Sergeant Major William Livsey

William Livsey was born in Bury, Lancashire in October 1789. He enlisted as a 19 year old recruit into the Royal Artillery in June 1808 and after training he embarked for the Peninsula war arriving in Lisbon on 18 October 1810.

During the Peninsula war he crossed the Tagus and fought at  Badojas , Albuera, Badojas ( 2nd siege), Fort Napoleon, Fort Regusa, Burgos, Vittoria, Pampeluna, Orthes, and Toulouse.

At the end of the campaign his company was posted to Canada, arriving at Quebec on 2 August 1814 where he was involved in fighting around the St Lawrence. In 1817 During this campaign he was promoted to Corporal.

After six years in Canada he returned to England arriving at Woolwich Barracks in September 1820 . In 1825 he was promoted to Sergeant and made Company Sergeant Major in 1930.

Sergeant Major Livsey was discharged in 1839 with a pension of 2 shillings and 5 pence a day with a medals for Good Conduct and Meritorious service plus a war medal with 5 clasps.

In April 1940 he was appointed as Warden to the Royal Gunpowder factory at Waltham Abbey, a position that he held until 1865 by which time he was 76 years old.

In 1852 he was appointed as Sergeant Major to the West Essex Yeomanry a position that he held until he retired on 31 December 1869 by which time he had accrued 61 years or service to the crown and become an essential figure in the success of the Yeomanry.

On 14 November 1870 Sgt Major Livsey was met at his home with a deputation from the West Essex Yeomanry and presented with a silver tea service inscribed " This tray and teapot were presented to Serj-Major William Livsey RA EYA, by Lieut Colonel Palmer, The Officers, non-commissioned Officers, and men of the Battery attached to the West Essex Yeomanry Cavalry as a testament to his services to them from 1851 to 1869, and to his country during the long period of 32 years in the Royal Artillery. He retired from the active service of his country on 31 December 1869, honoured, respected and beloved; carrying with him the best wishes of all acquainted with him. Waltham Abbey, Nov 1870."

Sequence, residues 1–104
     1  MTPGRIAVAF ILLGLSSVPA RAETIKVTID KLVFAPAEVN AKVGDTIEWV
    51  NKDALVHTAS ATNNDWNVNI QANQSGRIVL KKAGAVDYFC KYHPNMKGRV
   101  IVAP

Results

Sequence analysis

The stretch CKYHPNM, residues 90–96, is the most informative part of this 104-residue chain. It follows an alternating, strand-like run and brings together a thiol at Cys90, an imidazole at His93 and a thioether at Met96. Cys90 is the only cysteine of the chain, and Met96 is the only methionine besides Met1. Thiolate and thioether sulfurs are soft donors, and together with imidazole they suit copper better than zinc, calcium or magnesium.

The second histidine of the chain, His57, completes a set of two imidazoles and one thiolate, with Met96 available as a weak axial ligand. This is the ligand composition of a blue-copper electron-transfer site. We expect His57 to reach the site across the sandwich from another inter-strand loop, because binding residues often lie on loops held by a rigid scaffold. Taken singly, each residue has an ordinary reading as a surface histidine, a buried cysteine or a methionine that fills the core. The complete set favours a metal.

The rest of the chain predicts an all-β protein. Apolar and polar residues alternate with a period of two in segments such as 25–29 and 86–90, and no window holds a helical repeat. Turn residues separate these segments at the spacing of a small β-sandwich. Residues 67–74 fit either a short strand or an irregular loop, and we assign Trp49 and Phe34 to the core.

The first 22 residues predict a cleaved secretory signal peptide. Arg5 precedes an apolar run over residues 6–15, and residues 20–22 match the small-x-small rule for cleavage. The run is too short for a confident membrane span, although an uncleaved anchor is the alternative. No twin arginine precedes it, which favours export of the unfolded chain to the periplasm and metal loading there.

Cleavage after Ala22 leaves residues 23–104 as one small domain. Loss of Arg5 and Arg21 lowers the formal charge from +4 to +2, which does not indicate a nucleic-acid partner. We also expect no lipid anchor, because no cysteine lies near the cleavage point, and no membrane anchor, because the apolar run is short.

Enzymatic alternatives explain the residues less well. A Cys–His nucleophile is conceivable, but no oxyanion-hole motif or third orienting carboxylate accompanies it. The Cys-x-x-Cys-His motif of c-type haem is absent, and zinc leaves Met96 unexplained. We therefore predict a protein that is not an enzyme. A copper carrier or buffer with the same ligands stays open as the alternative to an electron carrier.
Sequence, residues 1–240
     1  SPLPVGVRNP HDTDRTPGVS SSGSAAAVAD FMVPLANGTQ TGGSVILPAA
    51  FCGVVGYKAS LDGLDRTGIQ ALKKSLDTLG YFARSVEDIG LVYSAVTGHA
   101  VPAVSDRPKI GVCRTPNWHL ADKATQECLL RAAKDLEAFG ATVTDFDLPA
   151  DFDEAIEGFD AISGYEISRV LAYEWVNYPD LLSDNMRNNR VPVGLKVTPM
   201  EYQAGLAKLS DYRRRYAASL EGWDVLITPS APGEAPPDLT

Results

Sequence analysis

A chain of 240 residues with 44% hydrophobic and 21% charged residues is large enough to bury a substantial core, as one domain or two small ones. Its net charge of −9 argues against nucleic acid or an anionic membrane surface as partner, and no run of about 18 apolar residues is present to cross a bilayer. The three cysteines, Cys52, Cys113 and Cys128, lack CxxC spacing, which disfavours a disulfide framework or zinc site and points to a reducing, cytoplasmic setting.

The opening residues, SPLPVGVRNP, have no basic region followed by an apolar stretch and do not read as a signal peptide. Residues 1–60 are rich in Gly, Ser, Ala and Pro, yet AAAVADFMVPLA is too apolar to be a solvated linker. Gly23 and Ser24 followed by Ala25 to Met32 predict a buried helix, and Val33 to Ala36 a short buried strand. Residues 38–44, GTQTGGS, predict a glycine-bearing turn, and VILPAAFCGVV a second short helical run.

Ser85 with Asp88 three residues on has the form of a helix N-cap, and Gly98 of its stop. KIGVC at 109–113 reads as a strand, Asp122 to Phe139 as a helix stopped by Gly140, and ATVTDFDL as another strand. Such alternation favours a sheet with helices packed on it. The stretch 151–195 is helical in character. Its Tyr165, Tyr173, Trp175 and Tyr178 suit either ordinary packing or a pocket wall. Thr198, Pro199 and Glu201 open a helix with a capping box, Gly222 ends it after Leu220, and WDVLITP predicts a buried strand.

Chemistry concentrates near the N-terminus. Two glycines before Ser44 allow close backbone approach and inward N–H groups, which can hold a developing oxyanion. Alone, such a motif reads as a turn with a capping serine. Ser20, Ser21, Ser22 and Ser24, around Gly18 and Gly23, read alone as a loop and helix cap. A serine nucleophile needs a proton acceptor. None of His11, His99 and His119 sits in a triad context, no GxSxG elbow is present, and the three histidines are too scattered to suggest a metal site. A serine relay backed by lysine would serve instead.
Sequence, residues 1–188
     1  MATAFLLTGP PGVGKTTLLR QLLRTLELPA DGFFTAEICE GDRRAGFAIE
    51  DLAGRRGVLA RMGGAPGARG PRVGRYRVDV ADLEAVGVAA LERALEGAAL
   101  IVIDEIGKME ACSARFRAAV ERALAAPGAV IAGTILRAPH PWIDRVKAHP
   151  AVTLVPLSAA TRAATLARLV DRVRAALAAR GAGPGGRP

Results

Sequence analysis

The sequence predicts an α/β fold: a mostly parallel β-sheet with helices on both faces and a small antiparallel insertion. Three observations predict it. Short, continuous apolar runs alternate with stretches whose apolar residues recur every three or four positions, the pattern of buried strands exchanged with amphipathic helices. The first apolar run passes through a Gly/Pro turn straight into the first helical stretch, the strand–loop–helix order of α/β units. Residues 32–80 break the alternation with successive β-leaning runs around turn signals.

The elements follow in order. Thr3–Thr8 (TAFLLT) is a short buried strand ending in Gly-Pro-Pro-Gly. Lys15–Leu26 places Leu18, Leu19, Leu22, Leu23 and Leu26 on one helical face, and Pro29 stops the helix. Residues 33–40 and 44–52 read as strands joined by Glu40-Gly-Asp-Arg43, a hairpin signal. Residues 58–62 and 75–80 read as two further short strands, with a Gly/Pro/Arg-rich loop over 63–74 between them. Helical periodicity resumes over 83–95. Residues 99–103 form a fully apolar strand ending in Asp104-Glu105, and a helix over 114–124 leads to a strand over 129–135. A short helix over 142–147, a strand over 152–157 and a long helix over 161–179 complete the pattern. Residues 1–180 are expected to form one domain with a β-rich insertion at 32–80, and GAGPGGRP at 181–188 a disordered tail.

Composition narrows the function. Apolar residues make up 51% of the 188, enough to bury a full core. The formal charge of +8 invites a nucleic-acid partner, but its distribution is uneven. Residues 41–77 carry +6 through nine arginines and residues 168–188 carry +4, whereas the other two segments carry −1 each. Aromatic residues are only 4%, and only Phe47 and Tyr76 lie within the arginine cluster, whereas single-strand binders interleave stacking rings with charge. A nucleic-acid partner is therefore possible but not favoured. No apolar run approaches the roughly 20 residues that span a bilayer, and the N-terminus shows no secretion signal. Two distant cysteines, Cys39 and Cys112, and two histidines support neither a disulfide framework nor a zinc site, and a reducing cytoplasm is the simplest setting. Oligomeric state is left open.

The soldiers in attendance were Sergeants Henry Warden, Biss, Dunn, Curtis, Abel Curtis and Thompson plus Corporal Cleverly and Bombardier Phipps.

In accepting the gift Sgt Major Livsey replied " It is likely to be the last time I shall ever have the pleasure of seeing so many of you together again. I cannot live forever, nature must have her way, death will claim his own and I feel that I must shortly answer his summons. I thank my old Colonel, the Officers, non-commissioned Officers and men fro this beautiful present which I hope will be cherished as a heir-loom by my family"

William Livsey lasted three more years after the presentation before he died on 22 November 1873 and was buried at Waltham Abbey with full military honours.

His son also William Livsey ( b1833 d1905) served in Crimea and worked in the Royal Enfield Works before emigrating to America where he served in the Union Army before enjoying a successful career which included serving three terms as Republican State Treasurer of Pennsylvania.